Study offers historic buildings protection from climate change
Some of the nation's most historic buildings and monuments may be better protected from decay in future, following a development by engineers.
Researchers at the University of Edinburgh have devised a method of forecasting damage caused by the weather to stone buildings - including statues, monuments and other historic sites, as well as modern masonry buildings.
The development allows conservationists to estimate the likely impact of long-term climate change on stonework and brickwork to determine the most suitable plan for preservation.
Studies show that a changing climate could have a significant impact on the deterioration of stone and brick buildings.
Building deterioration is often caused by water from the ground rising up through the stone. As water evaporates, salts are left behind which crystallise at the surface. Damage can also be caused by the physical impact of ice forming and melting during cold weather.
Climate change is expected to lead to higher temperatures and lower humidity, which would increase the rate of water evaporation from stone buildings and subsequent deterioration. Damage that would take hundreds of years under present conditions could be significantly accelerated.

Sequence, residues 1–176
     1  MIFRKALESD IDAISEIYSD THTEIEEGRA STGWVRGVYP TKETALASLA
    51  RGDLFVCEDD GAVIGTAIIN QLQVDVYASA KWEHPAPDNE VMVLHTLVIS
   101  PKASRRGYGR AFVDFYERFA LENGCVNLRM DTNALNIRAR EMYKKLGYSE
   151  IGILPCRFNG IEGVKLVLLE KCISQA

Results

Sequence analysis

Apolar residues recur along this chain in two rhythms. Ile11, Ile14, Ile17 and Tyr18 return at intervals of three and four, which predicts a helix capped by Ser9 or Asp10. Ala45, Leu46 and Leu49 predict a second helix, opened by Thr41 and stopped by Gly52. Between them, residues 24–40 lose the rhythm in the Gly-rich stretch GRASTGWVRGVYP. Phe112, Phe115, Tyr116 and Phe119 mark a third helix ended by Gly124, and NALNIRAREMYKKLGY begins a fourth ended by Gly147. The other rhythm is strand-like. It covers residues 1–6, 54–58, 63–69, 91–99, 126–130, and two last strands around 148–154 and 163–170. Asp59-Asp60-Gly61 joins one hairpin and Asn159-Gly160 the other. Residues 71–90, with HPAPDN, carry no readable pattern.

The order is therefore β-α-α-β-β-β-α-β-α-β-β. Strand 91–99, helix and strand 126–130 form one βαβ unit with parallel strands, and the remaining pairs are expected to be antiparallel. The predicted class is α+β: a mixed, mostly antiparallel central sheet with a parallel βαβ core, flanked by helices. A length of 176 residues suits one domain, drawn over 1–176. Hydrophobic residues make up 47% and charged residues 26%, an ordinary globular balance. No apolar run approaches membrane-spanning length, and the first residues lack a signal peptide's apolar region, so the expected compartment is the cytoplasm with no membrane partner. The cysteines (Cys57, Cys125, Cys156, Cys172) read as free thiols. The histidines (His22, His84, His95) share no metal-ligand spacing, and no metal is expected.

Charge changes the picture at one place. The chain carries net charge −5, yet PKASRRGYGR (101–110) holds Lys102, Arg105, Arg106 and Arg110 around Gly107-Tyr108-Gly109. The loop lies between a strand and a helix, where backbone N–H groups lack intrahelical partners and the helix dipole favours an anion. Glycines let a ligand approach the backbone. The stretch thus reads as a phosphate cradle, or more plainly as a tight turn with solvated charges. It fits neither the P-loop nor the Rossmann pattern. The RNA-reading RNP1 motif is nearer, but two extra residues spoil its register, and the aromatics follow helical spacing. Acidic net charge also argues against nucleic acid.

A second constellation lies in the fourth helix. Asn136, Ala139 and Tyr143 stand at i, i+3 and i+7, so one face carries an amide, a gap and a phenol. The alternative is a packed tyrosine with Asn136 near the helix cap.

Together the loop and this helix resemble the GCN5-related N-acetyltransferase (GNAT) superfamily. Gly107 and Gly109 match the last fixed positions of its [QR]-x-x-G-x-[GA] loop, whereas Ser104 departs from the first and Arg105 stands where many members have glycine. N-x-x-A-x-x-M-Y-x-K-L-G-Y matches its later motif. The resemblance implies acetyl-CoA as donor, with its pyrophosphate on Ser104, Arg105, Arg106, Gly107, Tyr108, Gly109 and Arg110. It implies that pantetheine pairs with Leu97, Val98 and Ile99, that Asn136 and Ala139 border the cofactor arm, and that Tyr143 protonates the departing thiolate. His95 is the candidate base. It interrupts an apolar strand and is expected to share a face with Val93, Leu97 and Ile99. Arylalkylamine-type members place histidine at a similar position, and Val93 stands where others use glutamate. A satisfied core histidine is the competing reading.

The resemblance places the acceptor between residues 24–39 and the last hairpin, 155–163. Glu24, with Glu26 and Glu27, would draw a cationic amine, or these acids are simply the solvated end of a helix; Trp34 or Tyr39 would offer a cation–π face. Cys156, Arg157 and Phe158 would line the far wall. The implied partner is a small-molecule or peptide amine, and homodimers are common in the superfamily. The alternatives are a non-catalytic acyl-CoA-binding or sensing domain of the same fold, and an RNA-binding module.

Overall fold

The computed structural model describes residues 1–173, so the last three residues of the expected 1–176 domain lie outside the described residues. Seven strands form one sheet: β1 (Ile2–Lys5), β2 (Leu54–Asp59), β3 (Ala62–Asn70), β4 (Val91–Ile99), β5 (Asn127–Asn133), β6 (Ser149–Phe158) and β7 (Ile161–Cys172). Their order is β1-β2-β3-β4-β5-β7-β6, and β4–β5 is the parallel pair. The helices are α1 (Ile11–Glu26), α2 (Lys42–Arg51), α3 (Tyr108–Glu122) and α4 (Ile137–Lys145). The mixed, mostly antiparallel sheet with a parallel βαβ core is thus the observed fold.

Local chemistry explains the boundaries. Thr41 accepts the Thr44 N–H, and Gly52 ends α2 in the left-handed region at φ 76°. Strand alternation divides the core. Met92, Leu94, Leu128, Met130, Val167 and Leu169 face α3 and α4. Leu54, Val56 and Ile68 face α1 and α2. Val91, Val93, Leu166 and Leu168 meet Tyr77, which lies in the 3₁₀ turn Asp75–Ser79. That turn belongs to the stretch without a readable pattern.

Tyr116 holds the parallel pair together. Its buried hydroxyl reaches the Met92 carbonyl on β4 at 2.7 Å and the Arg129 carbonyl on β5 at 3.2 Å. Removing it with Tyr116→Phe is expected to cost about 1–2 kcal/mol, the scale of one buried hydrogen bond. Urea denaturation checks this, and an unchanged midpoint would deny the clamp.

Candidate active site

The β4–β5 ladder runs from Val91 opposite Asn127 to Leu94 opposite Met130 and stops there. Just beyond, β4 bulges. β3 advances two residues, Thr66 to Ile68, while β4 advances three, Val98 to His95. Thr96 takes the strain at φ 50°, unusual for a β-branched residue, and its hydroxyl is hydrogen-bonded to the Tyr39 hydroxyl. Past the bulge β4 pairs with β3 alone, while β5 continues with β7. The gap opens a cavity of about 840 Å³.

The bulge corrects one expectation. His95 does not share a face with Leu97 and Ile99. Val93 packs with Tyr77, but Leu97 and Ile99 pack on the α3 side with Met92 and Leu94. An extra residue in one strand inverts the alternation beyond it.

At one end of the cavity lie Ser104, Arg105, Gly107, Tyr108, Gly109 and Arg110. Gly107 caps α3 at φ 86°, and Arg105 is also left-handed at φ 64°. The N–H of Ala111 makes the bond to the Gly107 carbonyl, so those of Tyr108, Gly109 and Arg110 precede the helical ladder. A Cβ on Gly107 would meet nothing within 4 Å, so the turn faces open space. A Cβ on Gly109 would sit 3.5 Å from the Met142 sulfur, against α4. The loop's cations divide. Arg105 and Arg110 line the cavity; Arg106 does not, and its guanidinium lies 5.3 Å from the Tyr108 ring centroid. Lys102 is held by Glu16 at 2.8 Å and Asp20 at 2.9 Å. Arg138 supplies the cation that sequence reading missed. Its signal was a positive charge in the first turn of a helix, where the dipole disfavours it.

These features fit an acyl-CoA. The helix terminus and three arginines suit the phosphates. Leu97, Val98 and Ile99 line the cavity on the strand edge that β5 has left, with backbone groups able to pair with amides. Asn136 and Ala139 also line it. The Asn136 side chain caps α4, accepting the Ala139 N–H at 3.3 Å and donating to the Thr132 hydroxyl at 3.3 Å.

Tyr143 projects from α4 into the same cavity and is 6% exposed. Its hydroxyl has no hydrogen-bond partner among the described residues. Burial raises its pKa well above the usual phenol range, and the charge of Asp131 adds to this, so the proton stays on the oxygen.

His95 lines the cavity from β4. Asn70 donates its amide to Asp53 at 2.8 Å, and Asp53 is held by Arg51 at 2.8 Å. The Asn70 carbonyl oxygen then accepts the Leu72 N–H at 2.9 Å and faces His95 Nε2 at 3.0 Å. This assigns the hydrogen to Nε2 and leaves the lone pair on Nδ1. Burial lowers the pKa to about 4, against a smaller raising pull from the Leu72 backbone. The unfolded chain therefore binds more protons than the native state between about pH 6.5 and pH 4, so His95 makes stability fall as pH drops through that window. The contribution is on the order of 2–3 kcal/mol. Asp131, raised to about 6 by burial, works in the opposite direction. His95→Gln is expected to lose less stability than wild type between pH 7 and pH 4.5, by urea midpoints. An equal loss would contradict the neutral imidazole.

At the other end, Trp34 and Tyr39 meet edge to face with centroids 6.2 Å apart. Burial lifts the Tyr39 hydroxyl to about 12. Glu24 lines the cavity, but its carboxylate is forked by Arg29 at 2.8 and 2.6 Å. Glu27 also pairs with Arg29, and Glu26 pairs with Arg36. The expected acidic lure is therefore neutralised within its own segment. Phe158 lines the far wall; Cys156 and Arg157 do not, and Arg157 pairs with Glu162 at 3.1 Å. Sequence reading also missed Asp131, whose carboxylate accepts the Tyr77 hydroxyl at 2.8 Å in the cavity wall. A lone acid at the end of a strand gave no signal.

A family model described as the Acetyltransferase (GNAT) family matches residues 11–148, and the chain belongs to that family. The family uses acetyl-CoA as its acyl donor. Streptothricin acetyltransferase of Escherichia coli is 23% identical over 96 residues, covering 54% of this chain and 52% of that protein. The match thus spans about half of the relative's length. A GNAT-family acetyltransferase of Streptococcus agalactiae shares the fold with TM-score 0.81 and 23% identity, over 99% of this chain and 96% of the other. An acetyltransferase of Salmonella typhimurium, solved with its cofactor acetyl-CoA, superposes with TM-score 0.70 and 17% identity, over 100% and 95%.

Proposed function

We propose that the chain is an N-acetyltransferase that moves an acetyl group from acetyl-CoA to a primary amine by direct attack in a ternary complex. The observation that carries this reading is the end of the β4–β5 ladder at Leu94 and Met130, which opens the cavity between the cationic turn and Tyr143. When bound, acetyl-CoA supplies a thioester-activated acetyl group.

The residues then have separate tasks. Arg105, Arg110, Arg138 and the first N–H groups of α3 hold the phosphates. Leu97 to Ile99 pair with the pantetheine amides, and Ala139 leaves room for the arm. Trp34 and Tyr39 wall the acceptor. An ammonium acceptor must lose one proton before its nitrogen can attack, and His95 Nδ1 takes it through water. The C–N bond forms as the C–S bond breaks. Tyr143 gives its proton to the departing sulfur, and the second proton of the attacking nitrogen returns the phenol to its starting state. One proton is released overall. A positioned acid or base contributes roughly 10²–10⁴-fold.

Weathering damage can cause disfigurement to monuments and buildings and lead to crumbling or collapse. Increased rates of damage are likely to impact on maintenance costs.
The study, the first of its kind, created computer models of water movement in stone, based on data from previous studies. The research, carried out as part of a Leverhulme Trust-funded project led by the University of Oxford, was published in Proceedings of the Royal Society A.
Dr Andrea Hamilton of the University's School of Engineering, who co-led the study, said: "This research allows us to predict the effect of climate change on water movement through buildings, enabling engineers to decide on the most appropriate method of preservation in the years ahead."
Professor Chris Hall of the University of Edinburgh's School of Engineering, who also co-led the study, said: "The work shows for the first time the critical importance of evaporation in driving the flow of water through masonry structures."